Incoming SMTP in the year 2017 and absence of DKIM

Blake Hudson blake at
Wed Nov 29 20:35:12 UTC 2017

Eric Kuhnke wrote on 11/29/2017 11:03 AM:
> For those who operate public facing SMTPd that receive a large volume of
> incoming traffic, and accordingly, a lot of spam...
> How much weight do you put on an incoming message, in terms of adding
> additional score towards a possible value of spam, for total absence of
> DKIM signature?

Spammers can:
     A) Establish domains that use SPF and DKIM as well as anyone else
     B) Use the stolen credentials of legitimate accounts on legitimate 
servers to relay SPAM messages.

So the presence of SPF/DKIM does not reliably indicate whether the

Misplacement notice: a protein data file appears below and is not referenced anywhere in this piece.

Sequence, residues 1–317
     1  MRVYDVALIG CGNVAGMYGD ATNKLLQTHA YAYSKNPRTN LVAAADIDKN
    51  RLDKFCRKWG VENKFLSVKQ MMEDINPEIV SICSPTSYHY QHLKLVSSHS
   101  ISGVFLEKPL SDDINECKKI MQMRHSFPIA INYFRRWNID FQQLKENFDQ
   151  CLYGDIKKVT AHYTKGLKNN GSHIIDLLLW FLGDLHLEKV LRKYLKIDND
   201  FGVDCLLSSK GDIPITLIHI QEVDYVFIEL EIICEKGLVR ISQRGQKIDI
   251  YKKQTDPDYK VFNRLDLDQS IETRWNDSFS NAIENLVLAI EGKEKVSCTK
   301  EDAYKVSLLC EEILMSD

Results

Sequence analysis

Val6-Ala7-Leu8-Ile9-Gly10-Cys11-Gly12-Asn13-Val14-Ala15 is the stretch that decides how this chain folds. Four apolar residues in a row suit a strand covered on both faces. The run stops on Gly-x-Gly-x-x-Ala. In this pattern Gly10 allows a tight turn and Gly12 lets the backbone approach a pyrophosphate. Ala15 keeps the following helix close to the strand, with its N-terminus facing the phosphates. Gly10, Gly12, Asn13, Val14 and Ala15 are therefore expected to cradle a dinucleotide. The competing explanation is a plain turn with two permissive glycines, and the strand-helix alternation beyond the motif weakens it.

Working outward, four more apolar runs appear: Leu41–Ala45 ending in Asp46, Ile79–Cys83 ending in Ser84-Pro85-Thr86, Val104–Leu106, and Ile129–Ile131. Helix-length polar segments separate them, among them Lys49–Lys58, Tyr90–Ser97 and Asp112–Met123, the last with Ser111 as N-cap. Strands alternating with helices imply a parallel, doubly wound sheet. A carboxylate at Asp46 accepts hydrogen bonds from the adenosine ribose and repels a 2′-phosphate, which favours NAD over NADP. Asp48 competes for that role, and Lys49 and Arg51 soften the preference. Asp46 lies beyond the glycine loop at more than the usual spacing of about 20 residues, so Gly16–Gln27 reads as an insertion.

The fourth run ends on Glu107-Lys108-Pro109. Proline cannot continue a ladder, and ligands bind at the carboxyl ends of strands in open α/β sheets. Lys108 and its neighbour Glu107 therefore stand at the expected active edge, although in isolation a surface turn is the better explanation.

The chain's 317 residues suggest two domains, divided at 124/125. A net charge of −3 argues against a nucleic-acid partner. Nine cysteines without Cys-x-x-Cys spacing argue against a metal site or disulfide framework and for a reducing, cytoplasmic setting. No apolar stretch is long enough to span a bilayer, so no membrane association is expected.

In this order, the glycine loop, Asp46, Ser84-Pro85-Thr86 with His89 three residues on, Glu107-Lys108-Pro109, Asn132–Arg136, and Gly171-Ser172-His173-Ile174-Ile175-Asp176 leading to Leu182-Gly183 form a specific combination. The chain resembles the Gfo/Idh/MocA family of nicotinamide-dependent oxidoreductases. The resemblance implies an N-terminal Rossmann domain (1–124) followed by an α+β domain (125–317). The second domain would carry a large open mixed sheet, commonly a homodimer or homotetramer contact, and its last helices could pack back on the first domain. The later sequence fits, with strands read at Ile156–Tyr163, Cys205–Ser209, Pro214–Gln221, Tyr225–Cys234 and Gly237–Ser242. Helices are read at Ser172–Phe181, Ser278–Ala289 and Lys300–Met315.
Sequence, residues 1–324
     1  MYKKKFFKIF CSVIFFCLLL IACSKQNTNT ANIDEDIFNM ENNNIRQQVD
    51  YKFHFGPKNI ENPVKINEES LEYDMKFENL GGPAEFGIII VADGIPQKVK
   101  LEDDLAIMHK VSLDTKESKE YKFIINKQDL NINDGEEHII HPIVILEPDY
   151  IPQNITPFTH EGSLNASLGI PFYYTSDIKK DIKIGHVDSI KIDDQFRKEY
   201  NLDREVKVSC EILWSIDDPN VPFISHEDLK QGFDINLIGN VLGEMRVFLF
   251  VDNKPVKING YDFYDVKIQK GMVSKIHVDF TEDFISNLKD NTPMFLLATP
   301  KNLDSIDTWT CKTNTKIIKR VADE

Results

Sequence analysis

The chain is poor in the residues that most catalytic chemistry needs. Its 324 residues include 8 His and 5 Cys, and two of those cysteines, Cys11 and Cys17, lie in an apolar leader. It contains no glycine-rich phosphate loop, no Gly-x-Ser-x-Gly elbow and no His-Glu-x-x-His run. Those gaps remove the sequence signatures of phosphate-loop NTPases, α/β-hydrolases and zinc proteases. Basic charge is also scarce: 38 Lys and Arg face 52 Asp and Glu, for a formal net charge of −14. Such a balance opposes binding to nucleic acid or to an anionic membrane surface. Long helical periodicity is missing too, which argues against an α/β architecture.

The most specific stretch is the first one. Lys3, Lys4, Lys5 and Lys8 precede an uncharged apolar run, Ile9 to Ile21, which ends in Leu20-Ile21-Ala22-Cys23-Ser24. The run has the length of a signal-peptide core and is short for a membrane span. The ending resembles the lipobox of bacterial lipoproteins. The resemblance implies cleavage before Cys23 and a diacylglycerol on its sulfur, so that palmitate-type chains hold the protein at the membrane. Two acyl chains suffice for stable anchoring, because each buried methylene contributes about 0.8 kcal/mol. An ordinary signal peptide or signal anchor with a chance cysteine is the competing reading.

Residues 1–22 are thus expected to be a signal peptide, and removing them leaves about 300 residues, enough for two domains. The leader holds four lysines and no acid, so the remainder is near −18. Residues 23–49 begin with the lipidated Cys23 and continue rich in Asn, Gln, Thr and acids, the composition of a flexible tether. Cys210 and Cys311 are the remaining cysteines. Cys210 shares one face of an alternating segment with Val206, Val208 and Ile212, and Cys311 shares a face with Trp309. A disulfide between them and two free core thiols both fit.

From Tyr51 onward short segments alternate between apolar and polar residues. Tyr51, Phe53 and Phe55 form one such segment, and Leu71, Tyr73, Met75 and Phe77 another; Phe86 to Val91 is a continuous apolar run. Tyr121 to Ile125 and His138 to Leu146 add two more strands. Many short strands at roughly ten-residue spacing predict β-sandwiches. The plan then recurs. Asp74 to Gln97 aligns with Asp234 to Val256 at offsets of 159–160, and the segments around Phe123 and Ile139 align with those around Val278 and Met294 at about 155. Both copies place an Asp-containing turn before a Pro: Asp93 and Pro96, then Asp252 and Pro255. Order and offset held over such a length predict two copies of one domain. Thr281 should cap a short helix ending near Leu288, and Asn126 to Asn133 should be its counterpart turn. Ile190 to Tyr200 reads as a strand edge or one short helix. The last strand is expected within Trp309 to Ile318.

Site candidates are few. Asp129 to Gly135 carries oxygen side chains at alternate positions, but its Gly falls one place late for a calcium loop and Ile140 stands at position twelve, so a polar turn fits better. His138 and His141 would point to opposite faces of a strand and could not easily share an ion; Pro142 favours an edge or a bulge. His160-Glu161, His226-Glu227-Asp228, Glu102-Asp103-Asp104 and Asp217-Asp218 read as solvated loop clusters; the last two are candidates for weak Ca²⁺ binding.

message is spam or not - only that the sender is "authenticated". The 
lack of optional tech like SPF and DKIM might be used as a heuristic, 
but it's not reliable enough to use in practice in my opinion. I 
wouldn't quarantine or reject messages that are missing these optional 
technology because the take rate isn't high enough.

Where DKIM/SPF really help is when there's a failure that indicates a 
message has been spoofed. This is a good indication of phishing and is a 
justified reason to reject or quarantine a message in the interest of 
your employees or subscribers. Sometimes these will be config errors, 
but I feel confident telling the sender to take config issues up with 
their service provider.

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